The Responsible Judge: Readings in Judicial Ethics

By John T. Noonan Jr.; Kenneth I. Winston | Go to book overview
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J. Writing and Dissenting

Ruth Bader Ginsburg, appointed in 1980 to the United States Court of Appeals for the District of Columbia Circuit, is well known for her pioneering work on sex-based discrimination. She received an A.B. from Cornell University ( 1954), spent two years at Harvard Law School ( 1956- 1958) where she was an editor of the Law Review, and received the LL.B. from Columbia Law School ( 1959). She taught at Rutgers University School of Law for many years before being appointed Professor of Law at Columbia. In 1979, while at Columbia, she received the Outstanding Teacher of Law Award of the Society of American Law Teachers. She was selected for the Circuit Court bench by President Jimmy Carter. On June 14, 1993, she was nominated by President Bill Clinton to be an Associate Justice of the U.S. Supreme Court. The following article, "Remarks on Writing Separately," was published in 1990 ( 65Washington Law Review1).

Last summer I had the good fortune to be part of a small delegation to Paris, led by Supreme Court Justices Sandra Day O'Connor and Antonin Scalia. We assembled to exchange views with representatives of the Conseil d'Etat. The Conseil d'Etat is a marvelous, multi-function institution established in Napoleon's time;1 one of its main sections serves as the Supreme Court of France for administrative law cases.2 Early in our second session, Justice O'Connor described the doctrine current in the United States concerning the respect or deference courts owe to decisions or rules made by expert administrative agencies or officials. Courts are bound to accept an administrative agency's construction of the statute the agency is charged to enforce, Justice O'Connor reported, so long as the agency's reading is a plausible one, even if not the only plausible reading or, in the judge's view, the more or most plausible reading.3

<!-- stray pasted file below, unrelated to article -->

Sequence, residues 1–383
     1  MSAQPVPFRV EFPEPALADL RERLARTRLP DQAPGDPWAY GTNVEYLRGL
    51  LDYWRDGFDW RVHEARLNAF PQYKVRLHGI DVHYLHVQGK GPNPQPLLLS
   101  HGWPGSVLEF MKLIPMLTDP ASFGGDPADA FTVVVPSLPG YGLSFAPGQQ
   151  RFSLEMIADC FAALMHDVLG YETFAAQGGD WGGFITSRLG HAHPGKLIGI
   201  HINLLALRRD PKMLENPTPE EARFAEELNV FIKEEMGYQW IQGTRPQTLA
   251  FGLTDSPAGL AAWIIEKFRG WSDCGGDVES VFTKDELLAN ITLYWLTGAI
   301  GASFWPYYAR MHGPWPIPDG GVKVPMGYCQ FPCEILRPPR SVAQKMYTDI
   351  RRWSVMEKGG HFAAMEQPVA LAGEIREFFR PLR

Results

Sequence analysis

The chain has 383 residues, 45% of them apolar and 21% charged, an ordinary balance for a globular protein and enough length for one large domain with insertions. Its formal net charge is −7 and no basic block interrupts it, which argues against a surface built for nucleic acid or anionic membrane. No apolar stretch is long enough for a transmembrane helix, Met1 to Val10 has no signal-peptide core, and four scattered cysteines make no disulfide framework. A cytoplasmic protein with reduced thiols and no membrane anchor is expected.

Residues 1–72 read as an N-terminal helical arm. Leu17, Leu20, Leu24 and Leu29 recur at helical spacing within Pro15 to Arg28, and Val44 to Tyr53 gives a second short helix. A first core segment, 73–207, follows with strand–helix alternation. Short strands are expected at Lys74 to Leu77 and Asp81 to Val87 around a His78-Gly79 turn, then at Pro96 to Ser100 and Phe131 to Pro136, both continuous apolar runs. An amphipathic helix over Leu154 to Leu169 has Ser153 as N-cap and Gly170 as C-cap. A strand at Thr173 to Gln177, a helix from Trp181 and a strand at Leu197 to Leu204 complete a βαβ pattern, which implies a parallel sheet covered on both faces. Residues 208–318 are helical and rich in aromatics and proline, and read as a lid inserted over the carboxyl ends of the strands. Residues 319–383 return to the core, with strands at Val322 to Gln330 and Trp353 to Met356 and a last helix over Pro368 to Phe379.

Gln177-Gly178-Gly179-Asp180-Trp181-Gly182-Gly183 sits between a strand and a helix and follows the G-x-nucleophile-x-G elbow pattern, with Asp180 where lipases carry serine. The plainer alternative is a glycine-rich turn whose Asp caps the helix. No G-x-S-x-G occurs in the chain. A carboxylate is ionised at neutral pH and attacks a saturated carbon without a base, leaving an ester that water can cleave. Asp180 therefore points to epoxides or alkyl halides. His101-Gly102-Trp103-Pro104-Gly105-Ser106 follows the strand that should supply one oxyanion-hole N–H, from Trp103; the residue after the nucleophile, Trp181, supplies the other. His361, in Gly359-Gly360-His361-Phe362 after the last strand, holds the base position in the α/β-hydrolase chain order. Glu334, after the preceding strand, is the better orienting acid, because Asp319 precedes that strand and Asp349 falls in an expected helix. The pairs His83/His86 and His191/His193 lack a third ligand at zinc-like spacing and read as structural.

How can that be, a French colleague asked. How can the law have more than one plausible meaning? Or, more accurately, how can a court judgment openly so acknowledge? The law is the law. There can be but one officially correct reading. Shouldn't judges, at least in their official pronouncements, make it

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